On June 5th, Avital* was boarding a 6 AM flight from Las Vegas to New York in a comfy cotton dress, a loose open flannel shirt and a colorful scarf when she was told that her cleavage was "inappropriate." The airline dealt with the incident as it has many, many times in the past (at least when customers contact media outlets to complain): by offering the aggrieved customer an apology and a refund. Why won't Southwest stop kicking people off flights for reasons even the airline will admit are over-the-top?
Although Avital was told she wouldn't be able to fly if she didn't button up her flannel shirt, she bravely bared her breasts all the way onto the plane. "I didn't want to let the representative's Big Feelings about my breasts change the way I intended to board my flight," she explained. "And lo and behold, the plane didn't fall out of the sky...my cleavage did not interfere with the plane's ability to function properly." Imagine that!
Check out Avital's early morning flying attire; pretty casual, right? (And cute, which is impressive, given that she probably woke up before daybreak.) She wasn't exactly verging into XXX territory with her rope belt and Birkenstock-y sandals. Is it really inappropriate for a self-described large-chested woman to wear a non-constricting sundress on a 100-degree day? More to the point: is it really the airline's responsibility to dictate what is and isn't appropriate apparel? "To add insult to injury, the guy sitting in front of me on the plane was wearing a shirt with an actual Trojan condom embedded behind a clear plastic applique and had no trouble getting on his flight," Avital added. "Slut shaming, pure and simple." We'd have to agree.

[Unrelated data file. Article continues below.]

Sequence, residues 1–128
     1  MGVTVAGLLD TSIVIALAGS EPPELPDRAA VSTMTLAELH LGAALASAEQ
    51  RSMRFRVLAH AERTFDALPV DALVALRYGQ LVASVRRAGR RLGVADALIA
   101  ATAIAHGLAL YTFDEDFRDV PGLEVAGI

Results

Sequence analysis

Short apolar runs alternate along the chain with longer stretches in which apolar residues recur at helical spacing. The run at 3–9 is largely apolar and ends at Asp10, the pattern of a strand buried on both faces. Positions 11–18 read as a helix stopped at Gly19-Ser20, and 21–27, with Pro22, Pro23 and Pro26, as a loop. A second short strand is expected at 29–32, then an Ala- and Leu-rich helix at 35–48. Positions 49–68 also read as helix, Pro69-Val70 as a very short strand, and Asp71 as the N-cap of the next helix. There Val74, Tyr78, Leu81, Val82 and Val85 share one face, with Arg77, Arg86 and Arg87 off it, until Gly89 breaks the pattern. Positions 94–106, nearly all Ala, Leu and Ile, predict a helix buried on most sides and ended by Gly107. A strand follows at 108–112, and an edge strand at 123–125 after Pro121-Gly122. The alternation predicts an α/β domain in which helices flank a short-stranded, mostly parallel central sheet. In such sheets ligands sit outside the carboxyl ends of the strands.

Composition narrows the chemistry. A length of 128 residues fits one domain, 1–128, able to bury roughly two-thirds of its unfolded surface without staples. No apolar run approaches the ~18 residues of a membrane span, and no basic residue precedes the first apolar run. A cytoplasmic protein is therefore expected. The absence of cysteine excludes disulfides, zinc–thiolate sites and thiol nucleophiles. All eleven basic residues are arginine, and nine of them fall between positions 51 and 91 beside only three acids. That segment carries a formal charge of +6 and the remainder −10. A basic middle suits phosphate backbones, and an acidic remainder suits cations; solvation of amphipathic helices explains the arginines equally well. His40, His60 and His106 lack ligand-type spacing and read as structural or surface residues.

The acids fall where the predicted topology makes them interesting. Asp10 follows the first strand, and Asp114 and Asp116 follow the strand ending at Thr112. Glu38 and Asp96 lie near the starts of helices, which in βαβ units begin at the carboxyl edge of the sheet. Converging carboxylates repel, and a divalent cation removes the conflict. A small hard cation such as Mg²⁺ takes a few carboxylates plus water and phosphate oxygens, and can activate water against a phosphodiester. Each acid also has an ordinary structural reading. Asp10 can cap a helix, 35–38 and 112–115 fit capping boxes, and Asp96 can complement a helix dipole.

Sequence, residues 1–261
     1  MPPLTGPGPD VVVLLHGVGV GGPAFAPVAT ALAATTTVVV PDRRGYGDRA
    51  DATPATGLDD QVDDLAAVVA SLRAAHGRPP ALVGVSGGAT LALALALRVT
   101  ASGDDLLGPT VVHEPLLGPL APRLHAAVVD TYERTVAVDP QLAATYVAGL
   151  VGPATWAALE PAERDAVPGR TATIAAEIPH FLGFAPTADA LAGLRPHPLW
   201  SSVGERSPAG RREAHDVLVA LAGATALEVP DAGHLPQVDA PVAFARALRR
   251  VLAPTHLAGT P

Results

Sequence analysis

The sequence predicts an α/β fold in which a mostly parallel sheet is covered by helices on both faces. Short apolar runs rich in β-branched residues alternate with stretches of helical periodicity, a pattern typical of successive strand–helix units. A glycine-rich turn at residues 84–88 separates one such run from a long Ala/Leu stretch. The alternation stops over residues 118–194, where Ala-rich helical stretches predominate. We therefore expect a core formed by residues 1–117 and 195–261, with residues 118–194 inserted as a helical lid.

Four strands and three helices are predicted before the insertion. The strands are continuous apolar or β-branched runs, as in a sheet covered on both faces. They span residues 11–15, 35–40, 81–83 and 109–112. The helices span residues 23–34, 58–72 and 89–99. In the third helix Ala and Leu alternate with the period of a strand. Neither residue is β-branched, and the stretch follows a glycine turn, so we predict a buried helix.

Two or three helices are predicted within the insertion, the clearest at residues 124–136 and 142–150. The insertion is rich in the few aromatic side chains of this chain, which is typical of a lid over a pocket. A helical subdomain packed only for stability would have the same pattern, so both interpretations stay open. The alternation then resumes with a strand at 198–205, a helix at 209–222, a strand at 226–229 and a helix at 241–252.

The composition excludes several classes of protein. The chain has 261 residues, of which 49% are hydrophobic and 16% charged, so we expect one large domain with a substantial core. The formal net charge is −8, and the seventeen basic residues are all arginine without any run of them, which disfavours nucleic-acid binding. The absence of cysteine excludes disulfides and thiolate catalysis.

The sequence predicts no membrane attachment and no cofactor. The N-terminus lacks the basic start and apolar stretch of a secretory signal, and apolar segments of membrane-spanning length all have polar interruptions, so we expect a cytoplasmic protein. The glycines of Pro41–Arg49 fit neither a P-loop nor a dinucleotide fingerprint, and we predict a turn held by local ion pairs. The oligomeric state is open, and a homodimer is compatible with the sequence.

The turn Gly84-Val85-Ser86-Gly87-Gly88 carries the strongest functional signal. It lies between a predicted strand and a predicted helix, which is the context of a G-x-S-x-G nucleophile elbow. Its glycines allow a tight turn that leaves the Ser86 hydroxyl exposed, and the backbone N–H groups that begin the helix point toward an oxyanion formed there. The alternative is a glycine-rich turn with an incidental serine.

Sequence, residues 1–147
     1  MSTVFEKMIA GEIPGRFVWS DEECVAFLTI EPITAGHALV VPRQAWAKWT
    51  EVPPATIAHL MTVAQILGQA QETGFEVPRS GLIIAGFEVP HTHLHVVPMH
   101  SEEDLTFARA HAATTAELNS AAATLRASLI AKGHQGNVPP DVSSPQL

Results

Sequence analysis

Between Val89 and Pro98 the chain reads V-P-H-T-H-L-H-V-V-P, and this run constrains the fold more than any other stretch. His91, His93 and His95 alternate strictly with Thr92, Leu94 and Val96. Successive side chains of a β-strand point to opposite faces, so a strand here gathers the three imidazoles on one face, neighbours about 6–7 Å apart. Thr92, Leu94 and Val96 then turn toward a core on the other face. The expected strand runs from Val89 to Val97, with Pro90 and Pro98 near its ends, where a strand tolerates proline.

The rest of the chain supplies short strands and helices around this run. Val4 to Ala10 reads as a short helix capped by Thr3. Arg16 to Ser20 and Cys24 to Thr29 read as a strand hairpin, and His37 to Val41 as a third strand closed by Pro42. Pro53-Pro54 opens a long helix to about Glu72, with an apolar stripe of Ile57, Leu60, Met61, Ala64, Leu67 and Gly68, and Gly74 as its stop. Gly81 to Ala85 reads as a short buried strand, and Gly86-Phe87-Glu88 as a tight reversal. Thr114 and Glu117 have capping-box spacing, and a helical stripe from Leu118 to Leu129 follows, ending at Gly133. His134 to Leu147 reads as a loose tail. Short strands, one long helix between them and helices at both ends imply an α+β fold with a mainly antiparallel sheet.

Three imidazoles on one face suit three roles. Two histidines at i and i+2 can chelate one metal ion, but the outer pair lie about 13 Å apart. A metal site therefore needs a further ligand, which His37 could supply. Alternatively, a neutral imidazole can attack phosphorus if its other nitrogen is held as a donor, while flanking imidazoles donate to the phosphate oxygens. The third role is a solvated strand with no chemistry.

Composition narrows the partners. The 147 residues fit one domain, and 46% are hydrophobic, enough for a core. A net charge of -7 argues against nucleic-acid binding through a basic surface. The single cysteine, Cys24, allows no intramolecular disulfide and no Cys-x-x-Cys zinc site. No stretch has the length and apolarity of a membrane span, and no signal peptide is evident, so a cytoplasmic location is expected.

Southwest spokesperson Christi McNeill told us that the company offered Avital an apology and a refund "as a gesture of goodwill," but that their Contract of Carriage allows them to refuse to transport a customer whose clothing is lewd, obscene, or patently offensive. "As a Company that promotes a casual and family-focused atmosphere onboard our aircraft and in our airports, we simply ask that our Customers use good judgment and exercise discretion in deference to other Customers who depend on us to provide a comfortable travel experience," she explained after I asked her how customers should dress for Southwest flights so they're not publicly humiliated and/or prohibited from boarding. "Our Flight Crews and Employees are responsible for the safety and comfort of everyone onboard the flight."
A Brief History of Southwest Humiliation
Southwest Airlines has become synonymous with people getting kicked off flights for ridiculous reasons. Avital is not the first woman to be deemed too slutty-looking to fly; according to Southwest's history, cleavage is not "family-friendly," even though today's median bra size in the US is 36DD. There's Kyla Ebbert, who was escorted off a flight by a Southwest customer service supervisor who called her outfit "inappropriate" back in 2007, even though she looked like any SoCal resident dressed for 106-degree weather, maybe one having a particularly conservative day. A week later, Setara Qassim was forced to wear a blanket by a Southwest flight attendant who thought Setara's top was too low cut. Hey, Southwest: it's difficult — not to mention uncomfortable — to completely cover yourself up if you have larger breasts. What's family-friendly about making your customers feel both emotionally and physically shitty about themselves?